Money laundering in the casino: methods
There are several main methods that criminals use to launder money. Many groups rely on dividing the deposits into small lots to avoid it being noticed – a practice known as structuring.
Others simply buy chips with cash, spend some time on the casino floor, trying to cash them out as winnings. There are many methods that include the use of letterbox companies to disguise transactions, bank accounts, and people involved. It is an incredibly complex area of finance and one that the authorities are tirelessly fighting to seize and eradicate in all forms.
Casino Money Laundering: What Makes Casinos a Perfect Destination?
Casino gambling is a brilliant way to make money disappear and reappear in separate bank accounts. Of course, the casino industry is taking steps to make this difficult, which we will explain in more detail later in this article.
The casino doesn't have to be involved in the money laundering activity for criminals to be successful, but there have been many in the past. Since there is a black market all over the world, criminals know many casinos and sports betting providers that they can take advantage of to launder their money.
Without the regulatory compliance of the regulated casino industry, this is an uphill battle that the authorities cannot fight alone. There are many well-funded and well-organized criminal groups who persistently try to use casinos for money laundering. Within the casinos themselves there are also many starting points and weak points that can easily be exploited.
Casino staff is one of the greatest risk factors for money laundering as they are often poorly paid administrative staff who can easily be bribed or threatened to help the criminals launder the money . But what makes money laundering in the casino so attractive, in contrast to, for example, offshore mailbox companies or other methods?
The top three reasons for money laundering in casinos
Casinos and sports betting operators have tremendous cash flows that make it easy to place bets in the sea of incoming and outgoing transactions destined for money laundering. It doesn't matter who you are, whether you've been convicted of financial crimes, or where your money is coming from. Most casinos around the world are happy to accept bets from anyone with money to play with.
High rollers are an important source of profit for many casinos – and in order to maintain a good relationship with customers , it often happens that staff ignore suspicious transactions or turn a blind eye. As you can imagine from the statements above, sales and profits are huge motivating factors for the casinos.
It is hard to deny that casinos are powerless when it comes to stopping this activity. Industry regulators, on the other hand, should do more to systematically control customers who raise red flags with suspicious deposit activity.
Industry regulators are certainly already playing a role here, regularly auditing major casino companies around the world and analyzing financial reports for irregularities . It remains to be mentioned that the largest operators also make enough money with legal transactions. So it is more the smaller casinos with less strict rules & supervision that are involved with money launderers. Asia in particular has a longstanding problem with this illegal activity – and a thriving underground gambling industry.
Fighting Money Laundering in the Casino: Regulation
In tightly regulated industries like Europe and North America, casino money laundering is a very minor threat to their operations. The regulators in these areas are very diligent and use a system of law enforcement, technology and other methods to mitigate the problems. In any case, Europe and North America are quite resistant to the risks of exposing themselves to organized crime and are more active in opposing money launderers .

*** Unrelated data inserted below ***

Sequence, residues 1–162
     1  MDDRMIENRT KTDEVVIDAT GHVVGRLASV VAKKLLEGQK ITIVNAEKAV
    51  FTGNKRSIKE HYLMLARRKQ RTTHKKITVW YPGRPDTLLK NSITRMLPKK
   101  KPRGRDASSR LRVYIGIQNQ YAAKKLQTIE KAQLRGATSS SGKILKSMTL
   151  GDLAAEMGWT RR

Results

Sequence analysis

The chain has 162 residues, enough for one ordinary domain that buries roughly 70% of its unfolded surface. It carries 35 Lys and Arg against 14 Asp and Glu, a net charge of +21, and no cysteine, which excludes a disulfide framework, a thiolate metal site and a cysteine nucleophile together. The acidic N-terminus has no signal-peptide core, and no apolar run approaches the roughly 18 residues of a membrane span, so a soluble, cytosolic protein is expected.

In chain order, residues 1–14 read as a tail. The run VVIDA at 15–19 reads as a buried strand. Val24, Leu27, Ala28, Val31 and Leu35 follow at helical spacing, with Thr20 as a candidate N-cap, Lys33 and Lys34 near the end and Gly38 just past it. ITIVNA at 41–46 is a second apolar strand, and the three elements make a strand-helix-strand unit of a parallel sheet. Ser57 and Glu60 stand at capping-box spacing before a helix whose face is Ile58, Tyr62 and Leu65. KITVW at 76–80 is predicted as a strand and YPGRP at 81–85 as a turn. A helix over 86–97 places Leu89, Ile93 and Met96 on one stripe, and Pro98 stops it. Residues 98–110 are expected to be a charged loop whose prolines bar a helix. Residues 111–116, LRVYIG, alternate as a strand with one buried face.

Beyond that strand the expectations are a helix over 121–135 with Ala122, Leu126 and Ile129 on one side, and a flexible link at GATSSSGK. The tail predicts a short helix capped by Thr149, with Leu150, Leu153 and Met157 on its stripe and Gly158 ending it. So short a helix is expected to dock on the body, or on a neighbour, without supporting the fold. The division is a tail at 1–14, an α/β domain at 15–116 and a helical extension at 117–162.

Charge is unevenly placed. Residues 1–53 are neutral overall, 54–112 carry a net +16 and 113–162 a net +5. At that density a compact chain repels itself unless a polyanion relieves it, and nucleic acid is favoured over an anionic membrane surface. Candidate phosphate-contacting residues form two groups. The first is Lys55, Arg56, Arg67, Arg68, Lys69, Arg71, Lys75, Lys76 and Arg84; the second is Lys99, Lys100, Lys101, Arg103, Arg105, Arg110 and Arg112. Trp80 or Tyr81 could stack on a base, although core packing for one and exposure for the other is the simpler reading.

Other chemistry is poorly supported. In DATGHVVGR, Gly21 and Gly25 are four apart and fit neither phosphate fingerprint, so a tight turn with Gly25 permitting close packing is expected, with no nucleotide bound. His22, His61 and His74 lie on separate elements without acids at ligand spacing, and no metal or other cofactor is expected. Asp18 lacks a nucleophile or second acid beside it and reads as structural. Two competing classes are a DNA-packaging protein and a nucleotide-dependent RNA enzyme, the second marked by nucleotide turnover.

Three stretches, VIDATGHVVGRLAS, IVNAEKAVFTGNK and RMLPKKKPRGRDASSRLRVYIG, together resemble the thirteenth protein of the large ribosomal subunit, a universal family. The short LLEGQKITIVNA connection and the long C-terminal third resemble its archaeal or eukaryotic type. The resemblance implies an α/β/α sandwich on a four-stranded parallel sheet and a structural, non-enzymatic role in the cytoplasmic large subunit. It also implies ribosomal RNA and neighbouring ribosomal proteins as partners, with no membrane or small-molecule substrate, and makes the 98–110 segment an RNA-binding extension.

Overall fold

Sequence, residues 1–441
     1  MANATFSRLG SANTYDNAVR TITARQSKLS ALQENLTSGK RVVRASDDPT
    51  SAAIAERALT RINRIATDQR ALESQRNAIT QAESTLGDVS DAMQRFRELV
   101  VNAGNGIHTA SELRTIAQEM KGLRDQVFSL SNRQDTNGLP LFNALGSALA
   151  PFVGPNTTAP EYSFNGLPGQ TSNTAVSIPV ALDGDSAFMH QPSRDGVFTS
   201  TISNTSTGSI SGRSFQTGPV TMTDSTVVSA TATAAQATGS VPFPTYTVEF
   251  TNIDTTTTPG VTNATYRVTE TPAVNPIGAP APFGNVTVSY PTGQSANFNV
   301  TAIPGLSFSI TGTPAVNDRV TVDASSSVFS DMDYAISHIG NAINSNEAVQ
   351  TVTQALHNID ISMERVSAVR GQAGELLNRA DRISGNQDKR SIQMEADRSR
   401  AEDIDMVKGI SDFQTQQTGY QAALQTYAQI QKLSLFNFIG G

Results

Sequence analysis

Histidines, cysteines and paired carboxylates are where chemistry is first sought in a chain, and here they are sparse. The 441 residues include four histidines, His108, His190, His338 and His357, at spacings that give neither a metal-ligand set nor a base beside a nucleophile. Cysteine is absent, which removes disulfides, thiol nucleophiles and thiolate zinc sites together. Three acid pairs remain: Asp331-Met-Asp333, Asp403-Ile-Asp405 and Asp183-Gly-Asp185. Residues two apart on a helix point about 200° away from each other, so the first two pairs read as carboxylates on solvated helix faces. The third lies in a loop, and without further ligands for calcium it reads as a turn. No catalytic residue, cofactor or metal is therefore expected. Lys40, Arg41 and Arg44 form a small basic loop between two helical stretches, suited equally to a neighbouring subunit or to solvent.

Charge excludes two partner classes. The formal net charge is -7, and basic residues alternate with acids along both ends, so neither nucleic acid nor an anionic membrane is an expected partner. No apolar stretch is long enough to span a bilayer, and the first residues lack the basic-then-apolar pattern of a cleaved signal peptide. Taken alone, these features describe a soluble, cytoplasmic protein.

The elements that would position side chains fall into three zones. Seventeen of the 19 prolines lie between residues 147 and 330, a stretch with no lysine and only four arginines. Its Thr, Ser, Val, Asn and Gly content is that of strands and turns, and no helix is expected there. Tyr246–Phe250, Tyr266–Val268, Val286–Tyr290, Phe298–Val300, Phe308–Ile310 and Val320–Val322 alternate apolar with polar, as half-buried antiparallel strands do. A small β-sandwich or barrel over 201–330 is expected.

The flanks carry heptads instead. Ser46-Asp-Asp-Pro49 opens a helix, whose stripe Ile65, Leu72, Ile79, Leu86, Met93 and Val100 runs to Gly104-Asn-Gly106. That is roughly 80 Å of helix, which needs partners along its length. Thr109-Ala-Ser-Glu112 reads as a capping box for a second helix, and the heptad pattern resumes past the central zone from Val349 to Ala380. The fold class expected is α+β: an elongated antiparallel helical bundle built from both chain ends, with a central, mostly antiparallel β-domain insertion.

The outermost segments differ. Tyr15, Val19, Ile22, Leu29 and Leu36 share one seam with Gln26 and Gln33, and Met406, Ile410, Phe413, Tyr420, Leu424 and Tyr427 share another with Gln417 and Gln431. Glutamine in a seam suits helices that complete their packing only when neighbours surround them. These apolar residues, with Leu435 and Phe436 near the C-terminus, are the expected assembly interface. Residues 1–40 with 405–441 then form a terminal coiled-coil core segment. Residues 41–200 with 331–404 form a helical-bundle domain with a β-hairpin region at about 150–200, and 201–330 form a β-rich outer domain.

The Asian gaming industry is worth over $ 180 billion annually. Before the market became such a huge part of the local economy, a strong and thriving underground gambling scene was well established. Even now that the interests of the major casino groups are firmly in control of the market, there is still a dark downside.
Certain casinos in Asia are notorious for being linked to the criminal underworld – to a much greater extent than their European counterparts . The yakuza has been proven in the past to be a powerful influence on many gambling operators in Japan, and Southeast Asia has seen several high-profile arrests for game-fixing and money laundering over the past decade.
However, the tide is turning. Many of these casinos have started verifying the identity of their new customers . More importantly, the choice of payment options, from what used to be myriad available, has been reduced to a few, making payments much easier to track. The ability to use different accounts for deposits and withdrawals has made money laundering possible in casinos in the past; ending this practice will go a long way toward clearing up what remains of money laundering in this industry.
Is it game over for money launderers?
Preventing the use of casinos as a vehicle for money laundering is an ongoing battle between law enforcement, criminals and casino operators . In the UK, customer verification procedures are constantly being improved and in its current state the system is very impenetrable. The same is true for much of Europe and North America.
However, the lax approach to financial controls in certain countries still allows the practice of money laundering to remain under the radar. The sums at stake are unimaginable, and they are the hands of powerful illegal gangs who are determined to go on with their business undisturbed. So the fight between criminals and the authorities will definitely continue.
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